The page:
Social media is now a major channel through which Australia’s government sector disseminates information. It is also increasingly important in other ways – as a way of measuring community reaction to government initiatives, for example.
The ninth annual Social Media for Government Summit in Melbourne has heard from dozens of government speakers about how social media is being used to transform the way their organisations relate with their stakeholders.
The Summit attracted 140 attendees from local, state and federal governments from every state. They were addressed by a wide range of speakers, including representatives from:
- Service NSW
- Queensland Health
- Gold Coast 2018 Commonwealth Games Organisation
- City of Melbourne
- Ambulance Victoria
- South Australia Tourism Commission
- Bureau of Meteorology
- WorkSafe Victori
- South Australian Department of Premier and Cabinet
- Victorian Department of Environment, Land, Water and Planning
- Museum of Contemporary Art
- Victoria Police
- Macquarie University
- Department of Human Services
- Department of Industry, Innovation and Science.
The Summit was designed to help government agencies better engage with the public on social media, by improving their capabilities in such areas as the management of social media crisis situations; how to use video content; and how to benchmark, analyse and evaluate social media impact.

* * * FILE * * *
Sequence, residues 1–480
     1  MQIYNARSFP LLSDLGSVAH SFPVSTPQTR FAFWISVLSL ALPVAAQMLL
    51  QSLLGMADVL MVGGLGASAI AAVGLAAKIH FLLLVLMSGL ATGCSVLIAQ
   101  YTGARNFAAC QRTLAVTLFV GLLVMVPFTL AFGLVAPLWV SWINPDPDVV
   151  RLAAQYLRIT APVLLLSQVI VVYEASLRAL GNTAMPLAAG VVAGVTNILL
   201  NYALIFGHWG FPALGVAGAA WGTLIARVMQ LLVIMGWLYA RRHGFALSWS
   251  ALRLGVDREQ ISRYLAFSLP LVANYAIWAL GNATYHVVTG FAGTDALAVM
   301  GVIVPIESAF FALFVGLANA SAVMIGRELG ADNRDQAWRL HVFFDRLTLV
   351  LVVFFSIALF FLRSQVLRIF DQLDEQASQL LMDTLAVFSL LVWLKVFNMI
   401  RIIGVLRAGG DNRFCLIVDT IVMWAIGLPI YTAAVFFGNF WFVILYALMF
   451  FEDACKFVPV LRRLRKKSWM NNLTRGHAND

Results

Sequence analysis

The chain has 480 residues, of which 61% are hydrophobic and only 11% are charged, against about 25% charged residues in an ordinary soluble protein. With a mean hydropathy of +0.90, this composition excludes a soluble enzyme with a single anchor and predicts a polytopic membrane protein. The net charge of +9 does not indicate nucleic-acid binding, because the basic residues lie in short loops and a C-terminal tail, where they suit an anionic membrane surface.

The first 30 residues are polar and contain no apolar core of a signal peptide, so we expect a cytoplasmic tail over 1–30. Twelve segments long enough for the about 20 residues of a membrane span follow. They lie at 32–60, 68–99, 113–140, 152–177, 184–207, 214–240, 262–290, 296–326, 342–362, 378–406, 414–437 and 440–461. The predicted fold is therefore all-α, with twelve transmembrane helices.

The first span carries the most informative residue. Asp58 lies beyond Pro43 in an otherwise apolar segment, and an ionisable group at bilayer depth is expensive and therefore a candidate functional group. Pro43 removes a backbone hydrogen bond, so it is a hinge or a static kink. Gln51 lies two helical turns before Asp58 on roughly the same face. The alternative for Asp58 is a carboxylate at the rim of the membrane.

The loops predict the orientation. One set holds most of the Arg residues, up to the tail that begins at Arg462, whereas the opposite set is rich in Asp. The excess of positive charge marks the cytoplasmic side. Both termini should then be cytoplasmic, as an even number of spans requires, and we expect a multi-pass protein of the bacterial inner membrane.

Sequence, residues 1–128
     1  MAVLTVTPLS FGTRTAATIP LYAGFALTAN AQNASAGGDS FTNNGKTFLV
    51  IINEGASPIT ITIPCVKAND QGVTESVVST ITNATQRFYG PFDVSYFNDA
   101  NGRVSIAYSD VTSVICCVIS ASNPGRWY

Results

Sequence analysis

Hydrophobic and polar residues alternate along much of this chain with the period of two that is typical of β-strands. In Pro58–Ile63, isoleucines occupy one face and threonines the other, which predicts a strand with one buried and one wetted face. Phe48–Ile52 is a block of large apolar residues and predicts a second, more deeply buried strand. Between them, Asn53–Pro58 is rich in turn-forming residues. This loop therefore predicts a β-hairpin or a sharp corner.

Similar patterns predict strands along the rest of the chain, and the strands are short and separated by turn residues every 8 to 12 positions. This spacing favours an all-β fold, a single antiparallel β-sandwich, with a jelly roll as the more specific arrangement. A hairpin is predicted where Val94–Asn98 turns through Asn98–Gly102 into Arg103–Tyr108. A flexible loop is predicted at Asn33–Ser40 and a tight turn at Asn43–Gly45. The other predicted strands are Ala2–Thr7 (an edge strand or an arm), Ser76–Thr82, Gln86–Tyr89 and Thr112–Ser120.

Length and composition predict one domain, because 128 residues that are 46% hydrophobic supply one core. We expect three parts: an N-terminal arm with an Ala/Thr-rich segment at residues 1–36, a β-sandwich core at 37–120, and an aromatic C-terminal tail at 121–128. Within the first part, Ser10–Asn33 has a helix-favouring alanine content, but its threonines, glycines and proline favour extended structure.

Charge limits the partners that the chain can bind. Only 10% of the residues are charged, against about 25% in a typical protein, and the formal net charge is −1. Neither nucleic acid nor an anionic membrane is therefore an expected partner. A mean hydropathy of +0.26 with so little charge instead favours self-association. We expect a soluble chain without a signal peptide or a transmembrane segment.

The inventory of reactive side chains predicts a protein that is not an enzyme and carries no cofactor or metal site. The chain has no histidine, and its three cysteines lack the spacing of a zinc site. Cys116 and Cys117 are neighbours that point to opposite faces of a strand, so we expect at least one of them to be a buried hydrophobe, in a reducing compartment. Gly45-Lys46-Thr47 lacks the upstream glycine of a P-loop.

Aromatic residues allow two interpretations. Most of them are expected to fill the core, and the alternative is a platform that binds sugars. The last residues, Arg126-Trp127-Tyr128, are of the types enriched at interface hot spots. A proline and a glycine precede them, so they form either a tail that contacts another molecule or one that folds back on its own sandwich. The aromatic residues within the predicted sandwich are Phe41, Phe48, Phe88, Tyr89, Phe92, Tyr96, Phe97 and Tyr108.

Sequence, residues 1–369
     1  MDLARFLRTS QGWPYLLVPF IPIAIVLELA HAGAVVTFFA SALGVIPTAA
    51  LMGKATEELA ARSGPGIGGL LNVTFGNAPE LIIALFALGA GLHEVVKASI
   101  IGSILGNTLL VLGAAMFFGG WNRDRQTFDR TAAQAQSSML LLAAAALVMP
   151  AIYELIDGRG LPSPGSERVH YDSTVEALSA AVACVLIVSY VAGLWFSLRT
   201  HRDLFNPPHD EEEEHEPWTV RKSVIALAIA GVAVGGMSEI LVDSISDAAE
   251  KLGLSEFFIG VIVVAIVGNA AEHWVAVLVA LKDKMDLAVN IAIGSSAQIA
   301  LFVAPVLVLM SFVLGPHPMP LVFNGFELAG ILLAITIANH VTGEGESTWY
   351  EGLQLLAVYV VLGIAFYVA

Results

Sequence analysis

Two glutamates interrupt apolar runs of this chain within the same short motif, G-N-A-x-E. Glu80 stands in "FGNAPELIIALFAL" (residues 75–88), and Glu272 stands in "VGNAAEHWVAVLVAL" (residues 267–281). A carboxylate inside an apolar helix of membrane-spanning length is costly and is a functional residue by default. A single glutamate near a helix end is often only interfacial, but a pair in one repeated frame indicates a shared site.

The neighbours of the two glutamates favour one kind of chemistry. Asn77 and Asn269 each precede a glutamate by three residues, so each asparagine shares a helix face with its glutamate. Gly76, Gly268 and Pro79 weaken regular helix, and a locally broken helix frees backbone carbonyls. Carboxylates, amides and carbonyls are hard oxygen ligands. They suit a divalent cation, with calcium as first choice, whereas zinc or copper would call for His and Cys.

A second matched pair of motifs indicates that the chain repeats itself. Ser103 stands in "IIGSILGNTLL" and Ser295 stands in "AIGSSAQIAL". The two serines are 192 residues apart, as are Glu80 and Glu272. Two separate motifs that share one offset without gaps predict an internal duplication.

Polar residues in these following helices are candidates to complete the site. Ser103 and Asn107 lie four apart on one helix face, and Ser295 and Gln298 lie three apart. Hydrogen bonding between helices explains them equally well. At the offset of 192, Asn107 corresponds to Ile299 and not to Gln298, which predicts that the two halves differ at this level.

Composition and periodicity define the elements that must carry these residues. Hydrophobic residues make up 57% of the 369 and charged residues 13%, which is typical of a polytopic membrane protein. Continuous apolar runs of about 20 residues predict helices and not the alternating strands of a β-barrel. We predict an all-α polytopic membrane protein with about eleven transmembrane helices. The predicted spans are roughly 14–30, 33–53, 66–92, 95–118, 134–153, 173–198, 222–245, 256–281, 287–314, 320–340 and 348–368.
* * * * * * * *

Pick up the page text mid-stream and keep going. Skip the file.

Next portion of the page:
The event was sponsored by social media archiving service Brolly and social media monitoring and analytics company Meltwater. It was held at the Novotel on Collins in Melbourne on 25-27 October.
“We live in a changing world where people are consuming information and engaging with organisations differently – increasingly on social media,” said Nathan Cram, Brolly’s founder and CEO. “This requires governments to upskill in their social media capabilities and archiving and compliance.
Brolly is Australia’s first social media archiving service. It was developed by IT specialist Nathan Cram, after he relied on Victorian Country Fire Authority Twitter warnings to escape the 2014 Wye River Christmas bushfires.
“This made me realise how important it is for government agencies to track their online interactions, to protect themselves, and to protect citizens,” he said.
“Social media is now the fastest, easiest way to connect with the public. Once information is shared it has the potential to reach an enormous number of people. I started thinking, how are we capturing these public engagements? How are agencies managing this? I was concerned about the lack of local social media record management tools and saw the opportunity to create one.”
The conference was also addressed by senior executives from the Australian offices of social media companies Facebook, LinkedIn and Instagram.
Roy Tan, Public Policy Outreach for Facebook, said that 15 million people in Australia access Facebook every month, with 12 million of these, around 80 percent of active user, return to the site every day.
He said the widespread use of smartphones is fuelling the growth of social media, and in particular video viewing.
“Over14 million Australians access Facebook monthly on a mobile,” he said. “Mobile use demands new ways of communication because content is consumed very quickly, with an average of just 1.7 seconds spent on each item of content).
“But much more time is spent on mobile apps than on browsers – as much as ten times more.”
The next two Social Media for Government Summits will be held on 17-19 April 2018 in Canberra, and 23-25 October 2018 in Melbourne.
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